Derba-Maceluch M, Sivan P, Donev EN, Gandla ML, Yassin Z, Vaasan R, Heinonen E, Andersson S, Amini F, Scheepers G, Johansson U, Vilaplana FJ, Albrectsen BR, Hertzberg M, Jönsson LJ, Mellerowicz EJ
Front Plant Sci 14 (-) 1218302 [2023-07-17; online 2023-07-17]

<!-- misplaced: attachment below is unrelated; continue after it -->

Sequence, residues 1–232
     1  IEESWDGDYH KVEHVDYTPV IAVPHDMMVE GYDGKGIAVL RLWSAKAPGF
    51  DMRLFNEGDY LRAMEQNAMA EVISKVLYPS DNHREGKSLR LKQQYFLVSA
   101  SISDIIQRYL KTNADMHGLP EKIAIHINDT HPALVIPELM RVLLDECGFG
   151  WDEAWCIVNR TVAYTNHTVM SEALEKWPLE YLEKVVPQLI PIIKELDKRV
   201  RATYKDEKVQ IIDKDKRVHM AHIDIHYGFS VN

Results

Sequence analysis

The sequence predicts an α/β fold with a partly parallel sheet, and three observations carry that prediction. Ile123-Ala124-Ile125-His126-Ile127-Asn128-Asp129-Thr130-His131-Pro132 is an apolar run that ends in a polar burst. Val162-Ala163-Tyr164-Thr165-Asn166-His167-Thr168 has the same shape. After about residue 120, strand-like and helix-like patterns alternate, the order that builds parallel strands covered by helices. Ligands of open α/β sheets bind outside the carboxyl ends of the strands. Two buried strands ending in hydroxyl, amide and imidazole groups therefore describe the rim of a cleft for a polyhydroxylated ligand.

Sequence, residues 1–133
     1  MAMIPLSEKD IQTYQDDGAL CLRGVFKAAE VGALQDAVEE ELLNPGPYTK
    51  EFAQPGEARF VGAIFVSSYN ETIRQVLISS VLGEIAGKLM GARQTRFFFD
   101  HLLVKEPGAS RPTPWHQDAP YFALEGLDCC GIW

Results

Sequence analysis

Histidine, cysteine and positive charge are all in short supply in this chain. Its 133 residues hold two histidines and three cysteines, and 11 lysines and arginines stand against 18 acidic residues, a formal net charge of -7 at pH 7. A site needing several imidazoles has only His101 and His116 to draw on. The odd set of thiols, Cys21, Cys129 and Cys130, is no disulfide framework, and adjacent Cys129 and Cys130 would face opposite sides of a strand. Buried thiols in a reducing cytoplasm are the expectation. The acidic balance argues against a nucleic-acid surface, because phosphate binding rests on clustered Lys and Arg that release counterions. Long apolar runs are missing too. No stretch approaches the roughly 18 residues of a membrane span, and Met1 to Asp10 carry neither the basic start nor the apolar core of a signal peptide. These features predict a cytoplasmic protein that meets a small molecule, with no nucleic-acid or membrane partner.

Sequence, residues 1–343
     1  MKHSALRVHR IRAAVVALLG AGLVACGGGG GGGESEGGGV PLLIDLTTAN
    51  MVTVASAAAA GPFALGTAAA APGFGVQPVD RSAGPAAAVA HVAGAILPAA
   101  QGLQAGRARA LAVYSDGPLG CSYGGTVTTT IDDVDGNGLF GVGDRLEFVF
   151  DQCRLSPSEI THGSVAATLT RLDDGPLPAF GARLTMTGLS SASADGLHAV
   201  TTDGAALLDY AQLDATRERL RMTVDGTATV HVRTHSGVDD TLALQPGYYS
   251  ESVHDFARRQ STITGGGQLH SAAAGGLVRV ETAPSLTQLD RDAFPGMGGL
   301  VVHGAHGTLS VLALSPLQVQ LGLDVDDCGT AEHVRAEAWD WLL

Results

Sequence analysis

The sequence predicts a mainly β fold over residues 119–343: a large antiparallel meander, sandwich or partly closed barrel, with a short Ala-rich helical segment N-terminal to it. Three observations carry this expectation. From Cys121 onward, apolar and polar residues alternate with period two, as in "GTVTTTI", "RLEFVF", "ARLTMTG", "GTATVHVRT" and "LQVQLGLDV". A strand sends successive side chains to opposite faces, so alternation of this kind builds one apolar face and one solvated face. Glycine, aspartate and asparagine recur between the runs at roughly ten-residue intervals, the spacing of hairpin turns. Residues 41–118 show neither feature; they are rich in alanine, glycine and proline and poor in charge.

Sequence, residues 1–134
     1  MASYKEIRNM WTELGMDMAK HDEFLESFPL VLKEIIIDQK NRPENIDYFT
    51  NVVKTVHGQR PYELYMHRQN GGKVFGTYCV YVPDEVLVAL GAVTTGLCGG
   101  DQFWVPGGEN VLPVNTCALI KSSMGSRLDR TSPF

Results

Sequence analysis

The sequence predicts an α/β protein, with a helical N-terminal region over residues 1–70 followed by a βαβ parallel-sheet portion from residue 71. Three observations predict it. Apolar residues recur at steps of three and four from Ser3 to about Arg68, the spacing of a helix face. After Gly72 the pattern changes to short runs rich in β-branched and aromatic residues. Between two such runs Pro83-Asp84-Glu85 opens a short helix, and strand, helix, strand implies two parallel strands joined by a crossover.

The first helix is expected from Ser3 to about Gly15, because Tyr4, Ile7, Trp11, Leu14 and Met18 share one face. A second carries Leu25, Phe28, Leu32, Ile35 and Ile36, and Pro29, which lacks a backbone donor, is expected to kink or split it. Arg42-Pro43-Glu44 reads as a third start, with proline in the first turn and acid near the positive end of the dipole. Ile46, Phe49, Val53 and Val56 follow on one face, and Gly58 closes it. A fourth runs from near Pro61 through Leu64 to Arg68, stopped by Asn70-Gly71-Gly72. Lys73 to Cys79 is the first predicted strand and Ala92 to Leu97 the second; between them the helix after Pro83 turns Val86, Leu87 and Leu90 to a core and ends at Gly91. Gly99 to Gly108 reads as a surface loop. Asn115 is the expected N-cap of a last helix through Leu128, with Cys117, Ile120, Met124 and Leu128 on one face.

Xylan that comprises roughly 25% of hardwood biomass is undesirable in biorefinery applications involving saccharification and fermentation. Efforts to reduce xylan levels have therefore been made in many species, usually resulting in improved saccharification. However, such modified plants have not yet been tested under field conditions. Here we evaluate the field performance of transgenic hybrid aspen lines with reduced xylan levels and assess their usefulness as short-rotation feedstocks for biorefineries. Three types of transgenic lines were tested in four-year field tests with RNAi constructs targeting either Populus GT43 clades B and C (GT43BC) corresponding to Arabidopsis clades IRX9 and IRX14, respectively, involved in xylan backbone biosynthesis, GATL1.1 corresponding to AtGALT1 involved in xylan reducing end sequence biosynthesis, or ASPR1 encoding an atypical aspartate protease. Their productivity, wood quality traits, and saccharification efficiency were analyzed. The only lines differing significantly from the wild type with respect to growth and biotic stress resistance were the ASPR1 lines, whose stems were roughly 10% shorter and narrower and leaves showed increased arthropod damage. GT43BC lines exhibited no growth advantage in the field despite their superior growth in greenhouse experiments. Wood from the ASPR1 and GT43BC lines had slightly reduced density due to thinner cell walls and, in the case of ASPR1, larger cell diameters. The xylan was less extractable by alkali but more hydrolysable by acid, had increased glucuronosylation, and its content was reduced in all three types of transgenic lines. The hemicellulose size distribution in the GALT1.1 and ASPR1 lines was skewed towards higher molecular mass compared to the wild type. These results provide experimental evidence that GATL1.1 functions in xylan biosynthesis and suggest that ASPR1 may regulate this process. In saccharification without pretreatment, lines of all three constructs provided 8-11% higher average glucose yields than wild-type plants. In saccharification with acid pretreatment, the GT43BC construct provided a 10% yield increase on average. The best transgenic lines of each construct are thus predicted to modestly outperform the wild type in terms of glucose yields per hectare. The field evaluation of transgenic xylan-reduced aspen represents an important step towards more productive feedstocks for biorefineries.